Unstable air accelerates upward or downward in response to a disturbance. This results in great turbulence close to the barrier or obstacle, but these eddies than quickly dissipate as mixing dissipates the turbulence. Going back to the rapids in the stream analogy, ‘stable’ flow would be similar to many non-breaking wave crests which extend a good deal downstream of the obstacle, whereas ‘unstable’ flow would be analogous to a massive breaking rapid immediately downstream, but that does not extend a great distance downstream. Thus the ‘peak’ turbulence is higher in unstable flow, but the turbulence at some distance from the barrier can be higher when the air is stable. Also, it is important to note that at large scales, the atmosphere as a whole is usually neutral to stable and is very rarely unstable to any great depth.

Well, I did say that they look very cool. Let’s look at some pictures and some time-lapse photography taken of lenticular clouds taken from on or around the summit. In the simplest case, here are a few photographs of single-layer lenticular clouds. They can be isolated, appearing like relatively small flattened disc (Image 1), larger sheet-like forms (Image 2), longitudinally extended arcs (Image 3). They also can seem to form groups located at several different layers with layers loosely grouped (Image 4), or, much more often stacked closely together at different levels. In Image 5, the upward motion beneath the stack of lenticulars is forming a rotary cloud.

Images 1-3 (left to right).

Image 4

Image 5

Pictures can tell you a lot about their shape, but to really see them in action and get a feel for their dynamic nature, time lapse photography shows how the clouds continually change, and yet stay nearly in place. In the video below, you can see the lenticular clouds changing shape, but remaining relatively in place, continually forming on the upwind side and dissipating and evaporating downwind, though their forms are relatively elongated and thin and are relatively broad.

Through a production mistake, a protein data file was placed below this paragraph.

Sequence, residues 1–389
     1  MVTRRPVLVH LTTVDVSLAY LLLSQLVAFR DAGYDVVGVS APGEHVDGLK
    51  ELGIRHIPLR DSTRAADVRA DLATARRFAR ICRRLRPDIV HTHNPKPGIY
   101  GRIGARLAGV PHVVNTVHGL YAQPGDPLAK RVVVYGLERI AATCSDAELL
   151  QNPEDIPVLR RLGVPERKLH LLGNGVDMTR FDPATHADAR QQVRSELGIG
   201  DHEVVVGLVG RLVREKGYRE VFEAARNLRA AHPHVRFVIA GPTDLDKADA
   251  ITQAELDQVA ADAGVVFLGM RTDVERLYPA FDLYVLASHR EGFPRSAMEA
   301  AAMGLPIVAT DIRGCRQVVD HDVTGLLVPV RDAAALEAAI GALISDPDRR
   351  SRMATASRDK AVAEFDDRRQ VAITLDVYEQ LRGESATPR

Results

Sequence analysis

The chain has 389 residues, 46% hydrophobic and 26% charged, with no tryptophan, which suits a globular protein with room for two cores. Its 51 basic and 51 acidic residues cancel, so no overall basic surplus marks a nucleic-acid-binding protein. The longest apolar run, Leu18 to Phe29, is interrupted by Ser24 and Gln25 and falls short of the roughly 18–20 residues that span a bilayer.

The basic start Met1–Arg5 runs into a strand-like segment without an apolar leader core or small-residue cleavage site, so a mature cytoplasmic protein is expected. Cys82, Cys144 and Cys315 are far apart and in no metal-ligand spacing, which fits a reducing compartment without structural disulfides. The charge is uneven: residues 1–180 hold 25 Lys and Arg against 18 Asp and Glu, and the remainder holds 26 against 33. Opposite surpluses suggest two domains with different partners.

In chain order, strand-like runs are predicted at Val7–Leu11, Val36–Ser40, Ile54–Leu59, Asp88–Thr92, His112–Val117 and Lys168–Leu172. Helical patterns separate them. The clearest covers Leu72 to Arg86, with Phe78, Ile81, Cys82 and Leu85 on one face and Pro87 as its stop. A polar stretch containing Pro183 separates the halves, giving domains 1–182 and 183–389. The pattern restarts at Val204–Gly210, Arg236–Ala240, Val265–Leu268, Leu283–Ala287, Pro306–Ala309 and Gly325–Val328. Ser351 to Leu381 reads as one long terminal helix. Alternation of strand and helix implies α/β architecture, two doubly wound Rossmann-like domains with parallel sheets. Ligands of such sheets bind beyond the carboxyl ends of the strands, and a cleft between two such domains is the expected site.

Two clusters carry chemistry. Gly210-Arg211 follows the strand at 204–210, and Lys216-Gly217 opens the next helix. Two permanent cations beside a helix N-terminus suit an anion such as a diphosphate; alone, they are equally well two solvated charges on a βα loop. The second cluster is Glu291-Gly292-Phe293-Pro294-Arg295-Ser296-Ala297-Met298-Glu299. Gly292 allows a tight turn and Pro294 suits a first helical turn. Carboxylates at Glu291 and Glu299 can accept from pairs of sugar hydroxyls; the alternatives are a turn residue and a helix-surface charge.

This example shows an excellent example of trains of stacked lenticular clouds hovering over occasional appearances of very turbulent rotary or roll cloud. You can see behind the first and most visually arresting set of lenticular clouds that they extend for some distance forming a wave train of multiple lenticular clouds. You can also see how small differences in the moisture content and stability of the layer of the atmosphere act to change the shape, edges, and appearances of the rotor clouds beneath them.

One of the reasons these clouds are so important for weather observers to identify is that they serve as visual indications of atmospheric turbulence, making their identification very important for aviation interests. The clouds, and the gaps between them, are indicators of upward and downward motion couplets, which if the atmospheric flow is strong, may make keeping control of aircraft, especially small aircraft, difficult if they are flown through them. Underneath lenticular clouds there is also an increased possibility of highly turbulent circular, or rotary, motion, which sometimes can be seen as ‘roll clouds’ if there is sufficient moisture in this layer. It is important to note that clouds do not form every time these atmospheric motions occur downwind of mountain ranges, so pilots should be aware that lack of these clouds does not mean that turbulence is not present!